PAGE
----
There have been many wonderful teachers in my life who have helped me develop into the student I am today. Mrs. Joyce was my biology teacher during freshman year of high school.  Her class was very enjoyable and she sparked my interest in the sciences.  Senior year I was lucky to have her as a teacher for AP Environmental Sciences.  I learned a great deal about pertinent issues in our world and scored well on the exam.  Outside of the classroom, Mrs. Joyce runs an Italian Exchange program.  Under her supervision, I was able to travel outside the country for the first time.  This trip was one of the most memorable and educational experiences of my life.  At Maryland, I have been fortunate to have Dr. Newman as a mentor.  Ever since I became an undergraduate assistant in her laboratory, Dr. Newman has been a major influence in my academic life.  Through her guidance and support I chose to start my own research and eventually complete an undergraduate thesis.  Dr. Newman has also given me the opportunity to learn outside the classroom and gain experience that will be pivotal to my success in graduate school.  Both of my mentors have challenged me to become a better student and have inspired me with their hard work and strong dedication to their fields.

 


Paul MoonPaul Moon
I have been blessed to know many caring and knowledgeable mentors who inspired me to be the best I can be. They have helped me overcome hardships and difficult times in my life with kind words of encouragement and gestures of understanding. Mr. Peter Julius, one of my high school teachers, was one such mentor. He constantly challenged me to apply what I learned in school to real life. In his public policy class, he expected us to keep up with current events and to question government policies, opening my mind to world events and making me socially conscious. He was a dedicated teacher who taught the material thoroughly and helped us build character. Mr. Peter Julius inspired me to pursue sociology and become more involved in the community.  Dr. Linda Moghadam has been one of my most significant mentors in college.  She always makes herself available to speak to me and is genuinely interested in my academic studies and personal aspirations. She encourages me to improve myself and introduced me to the Sociology Honors Program. Without these two extraordinary mentors, I would not be where I am today.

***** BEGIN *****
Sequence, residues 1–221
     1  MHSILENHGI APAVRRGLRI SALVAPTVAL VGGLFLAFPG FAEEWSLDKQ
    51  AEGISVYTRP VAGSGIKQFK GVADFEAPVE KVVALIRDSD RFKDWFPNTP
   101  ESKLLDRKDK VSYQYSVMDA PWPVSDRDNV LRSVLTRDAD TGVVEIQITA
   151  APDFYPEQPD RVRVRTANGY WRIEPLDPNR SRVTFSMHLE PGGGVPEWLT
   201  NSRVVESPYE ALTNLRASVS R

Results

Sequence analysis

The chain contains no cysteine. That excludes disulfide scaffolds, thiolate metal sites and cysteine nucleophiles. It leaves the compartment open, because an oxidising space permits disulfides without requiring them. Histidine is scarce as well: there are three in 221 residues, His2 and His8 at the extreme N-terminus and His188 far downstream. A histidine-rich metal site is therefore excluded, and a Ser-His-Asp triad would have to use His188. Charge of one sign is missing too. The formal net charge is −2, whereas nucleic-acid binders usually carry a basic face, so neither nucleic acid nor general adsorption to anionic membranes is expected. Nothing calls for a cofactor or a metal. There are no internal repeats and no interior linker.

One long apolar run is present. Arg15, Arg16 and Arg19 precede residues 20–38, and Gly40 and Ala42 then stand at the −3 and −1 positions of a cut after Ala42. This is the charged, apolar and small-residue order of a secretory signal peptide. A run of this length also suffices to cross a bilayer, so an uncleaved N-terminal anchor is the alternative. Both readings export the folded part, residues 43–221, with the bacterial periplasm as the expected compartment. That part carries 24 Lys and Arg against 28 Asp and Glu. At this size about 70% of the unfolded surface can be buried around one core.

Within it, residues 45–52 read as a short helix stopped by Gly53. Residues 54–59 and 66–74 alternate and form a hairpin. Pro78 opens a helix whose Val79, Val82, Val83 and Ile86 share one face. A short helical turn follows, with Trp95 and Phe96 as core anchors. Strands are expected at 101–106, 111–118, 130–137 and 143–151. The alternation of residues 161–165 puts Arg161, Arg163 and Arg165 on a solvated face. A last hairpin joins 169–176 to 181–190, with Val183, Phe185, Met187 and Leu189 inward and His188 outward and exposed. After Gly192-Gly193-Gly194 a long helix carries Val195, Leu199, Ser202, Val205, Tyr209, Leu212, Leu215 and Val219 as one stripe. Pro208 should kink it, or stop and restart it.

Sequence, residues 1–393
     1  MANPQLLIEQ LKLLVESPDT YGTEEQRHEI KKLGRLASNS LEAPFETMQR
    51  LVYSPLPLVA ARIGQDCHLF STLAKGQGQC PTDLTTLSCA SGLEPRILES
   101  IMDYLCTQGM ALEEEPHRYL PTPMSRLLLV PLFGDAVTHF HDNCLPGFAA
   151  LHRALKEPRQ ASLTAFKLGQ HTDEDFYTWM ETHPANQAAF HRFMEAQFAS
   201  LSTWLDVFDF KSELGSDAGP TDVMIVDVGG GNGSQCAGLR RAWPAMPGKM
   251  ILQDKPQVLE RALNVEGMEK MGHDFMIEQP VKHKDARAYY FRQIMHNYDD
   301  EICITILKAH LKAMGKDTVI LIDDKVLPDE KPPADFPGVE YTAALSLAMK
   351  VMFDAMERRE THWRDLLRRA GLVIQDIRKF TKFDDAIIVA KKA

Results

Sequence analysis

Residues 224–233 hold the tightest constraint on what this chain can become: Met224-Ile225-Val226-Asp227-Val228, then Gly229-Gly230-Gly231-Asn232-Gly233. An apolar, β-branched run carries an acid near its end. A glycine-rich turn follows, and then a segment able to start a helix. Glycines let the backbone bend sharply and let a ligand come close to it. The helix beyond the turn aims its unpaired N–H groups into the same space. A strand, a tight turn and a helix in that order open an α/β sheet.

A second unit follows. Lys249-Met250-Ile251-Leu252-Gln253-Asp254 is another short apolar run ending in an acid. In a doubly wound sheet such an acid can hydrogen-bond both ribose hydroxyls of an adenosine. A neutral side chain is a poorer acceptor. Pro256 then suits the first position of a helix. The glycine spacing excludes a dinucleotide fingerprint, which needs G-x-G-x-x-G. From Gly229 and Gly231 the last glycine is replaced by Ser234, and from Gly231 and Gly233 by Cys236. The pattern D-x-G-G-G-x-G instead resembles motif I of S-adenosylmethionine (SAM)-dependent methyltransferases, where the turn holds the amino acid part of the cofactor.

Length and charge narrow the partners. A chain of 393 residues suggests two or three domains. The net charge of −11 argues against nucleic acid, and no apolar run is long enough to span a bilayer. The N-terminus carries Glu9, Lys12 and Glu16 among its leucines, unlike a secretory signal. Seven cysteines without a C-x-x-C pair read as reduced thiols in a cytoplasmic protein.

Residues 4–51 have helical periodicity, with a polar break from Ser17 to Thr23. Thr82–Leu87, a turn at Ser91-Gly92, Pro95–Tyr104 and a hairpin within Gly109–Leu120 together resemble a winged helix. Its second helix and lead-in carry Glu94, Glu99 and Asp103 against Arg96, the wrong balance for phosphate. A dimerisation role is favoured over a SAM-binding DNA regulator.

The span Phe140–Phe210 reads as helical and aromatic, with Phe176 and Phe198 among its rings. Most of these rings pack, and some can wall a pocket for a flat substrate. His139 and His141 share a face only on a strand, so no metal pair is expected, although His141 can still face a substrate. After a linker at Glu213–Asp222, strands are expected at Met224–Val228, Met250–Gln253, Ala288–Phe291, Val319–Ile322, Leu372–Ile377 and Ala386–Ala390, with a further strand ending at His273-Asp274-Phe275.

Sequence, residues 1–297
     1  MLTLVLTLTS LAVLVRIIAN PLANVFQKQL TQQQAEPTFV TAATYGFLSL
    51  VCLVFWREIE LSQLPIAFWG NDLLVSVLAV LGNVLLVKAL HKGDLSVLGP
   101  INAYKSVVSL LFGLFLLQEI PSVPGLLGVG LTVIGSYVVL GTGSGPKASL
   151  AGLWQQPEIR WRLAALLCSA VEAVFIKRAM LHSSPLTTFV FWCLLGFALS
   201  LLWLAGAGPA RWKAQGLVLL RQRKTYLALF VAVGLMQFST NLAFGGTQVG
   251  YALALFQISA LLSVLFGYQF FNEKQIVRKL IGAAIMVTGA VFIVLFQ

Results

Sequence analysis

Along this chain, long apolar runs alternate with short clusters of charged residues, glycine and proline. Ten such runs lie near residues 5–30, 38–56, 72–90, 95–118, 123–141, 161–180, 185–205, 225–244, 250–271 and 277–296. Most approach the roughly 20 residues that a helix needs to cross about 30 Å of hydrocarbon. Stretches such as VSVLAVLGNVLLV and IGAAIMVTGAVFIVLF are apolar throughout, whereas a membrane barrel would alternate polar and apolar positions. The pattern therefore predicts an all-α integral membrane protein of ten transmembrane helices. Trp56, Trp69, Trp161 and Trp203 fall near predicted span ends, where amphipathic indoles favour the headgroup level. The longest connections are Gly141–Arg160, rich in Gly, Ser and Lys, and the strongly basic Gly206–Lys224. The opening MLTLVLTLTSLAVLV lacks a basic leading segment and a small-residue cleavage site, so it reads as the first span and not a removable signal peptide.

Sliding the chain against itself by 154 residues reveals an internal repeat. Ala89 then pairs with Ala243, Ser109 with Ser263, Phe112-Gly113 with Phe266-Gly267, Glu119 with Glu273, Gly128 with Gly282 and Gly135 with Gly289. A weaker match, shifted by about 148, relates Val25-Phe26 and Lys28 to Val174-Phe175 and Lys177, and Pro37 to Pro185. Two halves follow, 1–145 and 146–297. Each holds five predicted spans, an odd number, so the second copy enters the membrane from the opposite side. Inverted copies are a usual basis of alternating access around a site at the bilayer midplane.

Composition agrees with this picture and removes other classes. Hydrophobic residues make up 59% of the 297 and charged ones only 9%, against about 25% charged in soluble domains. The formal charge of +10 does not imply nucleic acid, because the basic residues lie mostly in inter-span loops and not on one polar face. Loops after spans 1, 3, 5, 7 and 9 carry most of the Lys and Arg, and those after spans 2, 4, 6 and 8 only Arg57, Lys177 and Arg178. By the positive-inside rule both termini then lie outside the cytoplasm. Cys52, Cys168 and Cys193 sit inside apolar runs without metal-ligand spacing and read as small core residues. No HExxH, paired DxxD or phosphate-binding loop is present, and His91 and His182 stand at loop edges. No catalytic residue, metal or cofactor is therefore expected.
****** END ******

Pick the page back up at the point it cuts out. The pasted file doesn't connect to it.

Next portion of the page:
Professor Moghadam was named a Faculty Mentor by a 2009-2010 Philip Merrill Presidential Scholar.


Kevin CenculaKevin Cencula
My mentors have had an important impact on my life. Ms. Genevieve Kelley, my calculus teacher at Magruder High School, is one of those mentors.  She is one of the most inspiring people that I have ever met.  I enjoyed her class, but more importantly, I appreciated the passion with which she taught the subject.  Ms. Kelley showed me the importance of finding my own passion in life; because of her, I have discovered something that I truly love in supply chain management.  Dr. Philip Evers, one of my supply chain professors, is another individual whom I really admire.  In addition to being a fantastic lecturer, he demonstrates a great deal of care and respect for his students.  On every trip or site visit with the Supply Chain Fellows Program, he encourages students to immerse themselves in the world of supply chain management and take advantage of each and every opportunity.  Dr. Evers has helped me grow into a more confident professional; thanks to him, I feel ready to take on the challenges of the real world.  I do not know where I would be today without the help of these two irreplaceable mentors.